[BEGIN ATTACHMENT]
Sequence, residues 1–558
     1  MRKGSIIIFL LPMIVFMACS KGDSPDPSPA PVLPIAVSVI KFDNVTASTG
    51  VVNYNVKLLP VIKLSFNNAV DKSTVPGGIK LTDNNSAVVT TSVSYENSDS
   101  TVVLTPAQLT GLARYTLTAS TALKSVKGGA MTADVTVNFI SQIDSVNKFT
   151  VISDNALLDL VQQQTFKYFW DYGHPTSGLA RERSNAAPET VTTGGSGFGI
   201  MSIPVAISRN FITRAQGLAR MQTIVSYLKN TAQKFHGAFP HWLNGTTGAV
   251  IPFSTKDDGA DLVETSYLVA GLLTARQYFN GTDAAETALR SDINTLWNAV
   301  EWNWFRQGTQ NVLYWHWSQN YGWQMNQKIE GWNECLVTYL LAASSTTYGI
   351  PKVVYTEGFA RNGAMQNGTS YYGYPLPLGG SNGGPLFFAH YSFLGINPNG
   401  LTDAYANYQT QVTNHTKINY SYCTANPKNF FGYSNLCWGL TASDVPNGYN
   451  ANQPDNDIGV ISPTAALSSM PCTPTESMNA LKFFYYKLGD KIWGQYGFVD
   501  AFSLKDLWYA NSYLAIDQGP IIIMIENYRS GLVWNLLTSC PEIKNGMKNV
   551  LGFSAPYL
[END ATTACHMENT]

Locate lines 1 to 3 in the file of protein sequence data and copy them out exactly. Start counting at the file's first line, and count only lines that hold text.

Sequence, residues 1–558
     1  MRKGSIIIFL LPMIVFMACS KGDSPDPSPA PVLPIAVSVI KFDNVTASTG
    51  VVNYNVKLLP VIKLSFNNAV DKSTVPGGIK LTDNNSAVVT TSVSYENSDS